WASHINGTON — The U.S. military moved a step closer to taking the prosecution of sex crimes out of the chain of command Friday, as Defense Secretary Lloyd Austin endorsed the findings of a commission formed to review the Pentagon’s ability to combat sexual assault and harassment.
Austin’s embrace of the commission’s main conclusions — along with President Joe Biden’s support for his decision to do so — represents a paradigm shift for a Defense Department that has long resisted efforts to alter its justice system. He had previewed his thinking in testimony before the Senate earlier this month, saying, “clearly, what we’ve been doing hasn’t been working.”
In a statement Friday, Biden called sexual assault “an abuse of power and an affront to our shared humanity” that is “doubly damaging” when it involves servicemembers “because it also shreds the unity and cohesion that is essential to the functioning of the U.S. military and to our national defense.”
For more than half a dozen years, a network of lawmakers, victims and advocates have been pushing for a military justice system that doesn’t rely on the judgment of commanders in sexual assault cases involving their subordinates.
“About bleeping time,” said Denise Rucker Krepp, a former Coast Guard officer who testified before a previous Pentagon panel on sexual assault trauma. “This is a huge change in thought processes.”
While military sexual assault survivors and their advocates are encouraged by the shift in the Pentagon’s stance, the commission’s recommendations fall far short of the sweeping policy changes envisioned by Sen. Kirsten Gillibrand, D-N.Y. Along with 65 co-sponsors, she has introduced legislation that would remove all “serious” crimes — sexual and non-sexual — from the chain of command, leaving the existing justice system in place only for misdemeanors and military-specific charges.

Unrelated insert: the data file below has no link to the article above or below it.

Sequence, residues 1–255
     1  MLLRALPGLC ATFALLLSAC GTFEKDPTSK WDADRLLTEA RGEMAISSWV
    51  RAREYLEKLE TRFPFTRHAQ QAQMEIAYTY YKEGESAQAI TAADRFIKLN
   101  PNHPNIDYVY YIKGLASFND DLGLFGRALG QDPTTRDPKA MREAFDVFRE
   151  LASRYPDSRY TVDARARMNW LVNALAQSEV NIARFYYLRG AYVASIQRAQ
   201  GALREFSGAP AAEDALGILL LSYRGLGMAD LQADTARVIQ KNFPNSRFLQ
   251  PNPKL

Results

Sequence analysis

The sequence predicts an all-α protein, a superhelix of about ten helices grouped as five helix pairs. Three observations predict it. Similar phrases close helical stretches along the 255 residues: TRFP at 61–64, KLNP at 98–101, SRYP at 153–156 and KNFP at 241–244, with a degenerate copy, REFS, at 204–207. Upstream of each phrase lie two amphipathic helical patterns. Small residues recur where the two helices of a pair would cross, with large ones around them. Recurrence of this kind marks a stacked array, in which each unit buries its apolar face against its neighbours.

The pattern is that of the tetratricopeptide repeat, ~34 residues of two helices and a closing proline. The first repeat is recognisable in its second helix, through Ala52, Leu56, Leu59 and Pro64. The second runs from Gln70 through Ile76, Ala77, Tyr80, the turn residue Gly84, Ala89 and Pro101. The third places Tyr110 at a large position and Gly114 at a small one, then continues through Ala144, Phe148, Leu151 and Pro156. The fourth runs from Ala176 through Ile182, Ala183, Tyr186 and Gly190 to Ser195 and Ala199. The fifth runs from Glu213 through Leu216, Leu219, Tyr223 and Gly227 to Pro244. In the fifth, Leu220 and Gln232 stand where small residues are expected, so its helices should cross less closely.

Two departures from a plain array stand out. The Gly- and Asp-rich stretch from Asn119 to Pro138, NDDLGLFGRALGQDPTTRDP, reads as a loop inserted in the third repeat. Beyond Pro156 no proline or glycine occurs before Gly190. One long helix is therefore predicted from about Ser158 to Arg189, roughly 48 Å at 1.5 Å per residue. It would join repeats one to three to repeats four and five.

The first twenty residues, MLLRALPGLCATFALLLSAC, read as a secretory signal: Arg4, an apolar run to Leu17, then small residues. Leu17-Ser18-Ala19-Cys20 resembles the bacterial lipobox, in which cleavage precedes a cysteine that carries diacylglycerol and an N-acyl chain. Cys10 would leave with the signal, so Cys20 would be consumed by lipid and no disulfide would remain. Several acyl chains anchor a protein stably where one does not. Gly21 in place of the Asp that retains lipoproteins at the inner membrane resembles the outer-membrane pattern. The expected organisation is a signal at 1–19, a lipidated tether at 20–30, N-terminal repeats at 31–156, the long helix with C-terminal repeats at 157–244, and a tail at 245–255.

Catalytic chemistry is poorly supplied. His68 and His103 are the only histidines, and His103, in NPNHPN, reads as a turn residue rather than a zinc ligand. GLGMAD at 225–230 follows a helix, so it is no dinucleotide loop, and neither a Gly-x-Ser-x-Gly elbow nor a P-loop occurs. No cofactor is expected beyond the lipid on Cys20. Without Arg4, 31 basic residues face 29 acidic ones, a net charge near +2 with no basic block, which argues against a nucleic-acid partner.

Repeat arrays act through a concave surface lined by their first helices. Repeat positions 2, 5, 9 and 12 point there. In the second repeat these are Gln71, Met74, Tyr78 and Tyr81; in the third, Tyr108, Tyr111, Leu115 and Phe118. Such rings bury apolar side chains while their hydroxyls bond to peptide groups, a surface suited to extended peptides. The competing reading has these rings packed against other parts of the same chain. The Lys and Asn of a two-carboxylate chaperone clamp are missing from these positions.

And even with Austin’s backing, many of the recommendations in the 299-page report — including the chain-of-command change and funding for prevention programs — would require Congress to act. The commission envisions such legislative changes to the Uniform Code of Military Justice being implemented no earlier than the fall of 2023.
A person involved in the debate in Congress noted that Austin did not endorse all of the reforms recommended by the commission, including one that would have addressed cases like that of Vanessa Guillen, a soldier who was killed shortly after lodging a sexual assault complaint.
The Defense Department’s newfound openness to partial reform — and the reversal of its rhetoric on sexual assault — could result in lawmakers accepting the Pentagon’s position.
Gillibrand and Sen. Joni Ernst, R-Iowa, a military veteran and sexual assault survivor who has also been at the forefront of the push to reform the Pentagon’s justice system, were noticeably silent in the first hours after the report was released.
Biden praised the two senators, along with Reps. Markwayne Mullin, R-Okla., and Jackie Speier, D-Calif., for pressing the issue on Capitol Hill.
“I look forward to working with Congress to implement these necessary reforms and promote a work environment that is free from sexual assault and harassment for every one of our brave service members,” Biden said.